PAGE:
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999 West Dundee Road
Wheeling, Illinois 60090

Phone: 847-537-8270

Superintendent: Dr. Michael Connolly

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Language Arts

Writing & Language

Critical Content

Power Standards

  • Write opinion pieces on authentic topics/texts using an introduction, connected and supporting reasons and a conclusion. (W 2.1 & L 2.1, 2.2, 2.4, & 2.5)
  • Write explanatory texts about authentic topics clearly introducing the topic, providing appropriate facts and details, and a conclusion. (W 2.2 & L 2.1, 2.2, 2.4, & 2.5)
  • Write narratives recounting authentic events that include details to describe actions, thoughts, and feelings, using temporal words to signal event order, and provide a sense of closure. (W 2.3 & L 2.1, 2.2, 2.4, & 2.5)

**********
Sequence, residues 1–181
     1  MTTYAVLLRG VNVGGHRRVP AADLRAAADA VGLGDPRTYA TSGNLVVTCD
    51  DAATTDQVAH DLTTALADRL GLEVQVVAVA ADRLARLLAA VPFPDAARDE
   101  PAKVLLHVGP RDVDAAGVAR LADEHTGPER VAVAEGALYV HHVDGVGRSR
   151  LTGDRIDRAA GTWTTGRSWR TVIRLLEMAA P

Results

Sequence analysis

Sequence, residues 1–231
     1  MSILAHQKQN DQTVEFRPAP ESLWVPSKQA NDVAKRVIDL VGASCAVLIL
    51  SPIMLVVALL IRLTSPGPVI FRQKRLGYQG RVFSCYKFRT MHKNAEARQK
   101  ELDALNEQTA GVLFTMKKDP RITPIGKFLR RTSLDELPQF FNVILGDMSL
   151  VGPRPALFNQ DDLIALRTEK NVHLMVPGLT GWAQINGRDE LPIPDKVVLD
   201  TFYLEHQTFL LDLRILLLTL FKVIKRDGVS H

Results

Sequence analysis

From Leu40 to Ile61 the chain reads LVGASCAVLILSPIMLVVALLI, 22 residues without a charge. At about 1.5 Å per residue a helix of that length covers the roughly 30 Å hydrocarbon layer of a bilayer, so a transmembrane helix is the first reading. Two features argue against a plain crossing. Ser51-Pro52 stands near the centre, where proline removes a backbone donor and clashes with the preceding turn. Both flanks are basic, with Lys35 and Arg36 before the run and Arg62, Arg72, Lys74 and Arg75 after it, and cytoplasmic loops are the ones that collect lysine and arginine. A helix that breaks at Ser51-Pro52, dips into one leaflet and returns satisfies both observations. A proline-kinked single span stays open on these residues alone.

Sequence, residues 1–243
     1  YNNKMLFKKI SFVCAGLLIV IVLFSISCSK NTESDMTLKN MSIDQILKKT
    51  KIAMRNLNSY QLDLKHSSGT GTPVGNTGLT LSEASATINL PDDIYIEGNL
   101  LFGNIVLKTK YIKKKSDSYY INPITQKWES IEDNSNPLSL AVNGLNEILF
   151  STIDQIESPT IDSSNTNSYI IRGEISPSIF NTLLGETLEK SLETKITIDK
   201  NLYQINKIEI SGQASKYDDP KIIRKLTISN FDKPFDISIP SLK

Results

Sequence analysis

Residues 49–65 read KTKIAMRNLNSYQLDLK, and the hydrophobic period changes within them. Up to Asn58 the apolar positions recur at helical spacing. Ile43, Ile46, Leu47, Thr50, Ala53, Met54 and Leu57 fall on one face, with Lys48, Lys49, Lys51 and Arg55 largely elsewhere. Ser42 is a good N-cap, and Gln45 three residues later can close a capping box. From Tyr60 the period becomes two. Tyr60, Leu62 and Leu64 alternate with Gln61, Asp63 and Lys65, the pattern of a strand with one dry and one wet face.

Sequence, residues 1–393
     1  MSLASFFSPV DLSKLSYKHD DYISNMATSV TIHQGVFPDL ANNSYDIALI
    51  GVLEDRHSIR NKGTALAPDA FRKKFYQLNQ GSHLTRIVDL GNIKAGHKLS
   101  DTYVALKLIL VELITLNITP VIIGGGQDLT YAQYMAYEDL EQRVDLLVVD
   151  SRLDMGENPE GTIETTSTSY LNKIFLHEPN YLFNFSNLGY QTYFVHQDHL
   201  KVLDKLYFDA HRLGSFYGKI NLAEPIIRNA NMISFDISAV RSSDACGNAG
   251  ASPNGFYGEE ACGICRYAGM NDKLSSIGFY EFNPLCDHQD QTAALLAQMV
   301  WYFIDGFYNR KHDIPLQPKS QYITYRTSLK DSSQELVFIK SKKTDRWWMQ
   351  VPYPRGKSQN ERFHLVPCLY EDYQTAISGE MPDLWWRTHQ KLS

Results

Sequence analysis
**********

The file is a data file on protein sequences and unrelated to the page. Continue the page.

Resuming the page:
*See student writing examples on Appendix C of the Common Core document

 

Power Standards Critical Content

In the language of instruction, students will…

  • Write routinely over extended time frames and shorter time frames for a range of discipline-specific tasks, purposes, and audiences
  • Write 3 or more long-form writing pieces to final draft
  • Identify one’s opinion, give supporting reasons using connecting words to write an opinion piece with an introduction, supporting reasons and concluding statement
  • Select a topic, identify facts and definitions to support the topic, and use a concluding statement
  • Write stories in the correct order using temporal words like before, during, and after and create an ending for the story
  • Describe actions, thoughts, and feelings in one’s story